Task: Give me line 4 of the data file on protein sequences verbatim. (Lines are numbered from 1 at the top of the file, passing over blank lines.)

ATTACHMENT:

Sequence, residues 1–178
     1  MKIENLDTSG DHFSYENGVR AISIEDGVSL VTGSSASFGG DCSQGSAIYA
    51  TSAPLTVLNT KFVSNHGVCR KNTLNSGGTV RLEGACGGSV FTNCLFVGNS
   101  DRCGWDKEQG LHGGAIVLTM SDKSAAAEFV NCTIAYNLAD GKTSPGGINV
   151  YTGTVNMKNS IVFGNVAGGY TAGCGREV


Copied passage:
   101  DRCGWDKEQG LHGGAIVLTM SDKSAAAEFV NCTIAYNLAD GKTSPGGINV